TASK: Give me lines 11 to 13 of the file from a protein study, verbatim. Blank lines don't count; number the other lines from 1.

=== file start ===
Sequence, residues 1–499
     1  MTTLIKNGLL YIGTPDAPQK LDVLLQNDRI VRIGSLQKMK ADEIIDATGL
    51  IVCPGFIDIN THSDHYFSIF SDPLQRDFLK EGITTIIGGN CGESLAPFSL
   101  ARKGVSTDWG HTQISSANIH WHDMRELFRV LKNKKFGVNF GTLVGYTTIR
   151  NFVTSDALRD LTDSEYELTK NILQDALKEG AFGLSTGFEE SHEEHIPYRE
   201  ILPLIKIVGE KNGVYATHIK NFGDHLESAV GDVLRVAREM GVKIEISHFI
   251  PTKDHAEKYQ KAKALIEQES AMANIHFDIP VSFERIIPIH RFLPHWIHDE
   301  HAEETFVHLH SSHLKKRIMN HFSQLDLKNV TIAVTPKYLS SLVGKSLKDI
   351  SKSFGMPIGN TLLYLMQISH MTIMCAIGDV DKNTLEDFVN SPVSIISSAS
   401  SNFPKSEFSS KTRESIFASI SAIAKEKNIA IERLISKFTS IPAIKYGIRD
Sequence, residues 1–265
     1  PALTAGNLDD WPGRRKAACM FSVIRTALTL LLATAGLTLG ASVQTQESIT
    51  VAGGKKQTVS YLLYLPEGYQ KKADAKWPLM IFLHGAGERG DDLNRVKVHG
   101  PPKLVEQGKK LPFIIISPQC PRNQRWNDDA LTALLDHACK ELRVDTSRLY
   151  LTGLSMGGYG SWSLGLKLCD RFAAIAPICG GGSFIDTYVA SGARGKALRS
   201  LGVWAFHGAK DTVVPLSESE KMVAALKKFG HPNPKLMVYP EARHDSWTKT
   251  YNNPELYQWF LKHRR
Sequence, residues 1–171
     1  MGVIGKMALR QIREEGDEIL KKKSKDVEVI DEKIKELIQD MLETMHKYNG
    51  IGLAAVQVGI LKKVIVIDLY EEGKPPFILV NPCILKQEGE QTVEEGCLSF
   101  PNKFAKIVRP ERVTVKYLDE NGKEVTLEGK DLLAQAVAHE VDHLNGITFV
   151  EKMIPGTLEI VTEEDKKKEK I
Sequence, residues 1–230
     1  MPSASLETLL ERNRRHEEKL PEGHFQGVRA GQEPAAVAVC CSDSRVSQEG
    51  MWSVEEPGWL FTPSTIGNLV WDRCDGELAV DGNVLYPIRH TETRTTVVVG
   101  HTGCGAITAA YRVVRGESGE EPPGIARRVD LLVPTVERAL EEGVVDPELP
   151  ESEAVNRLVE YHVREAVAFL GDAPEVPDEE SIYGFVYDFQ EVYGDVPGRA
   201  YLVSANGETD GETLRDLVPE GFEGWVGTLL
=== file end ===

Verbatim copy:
Sequence, residues 1–265
     1  PALTAGNLDD WPGRRKAACM FSVIRTALTL LLATAGLTLG ASVQTQESIT
    51  VAGGKKQTVS YLLYLPEGYQ KKADAKWPLM IFLHGAGERG DDLNRVKVHG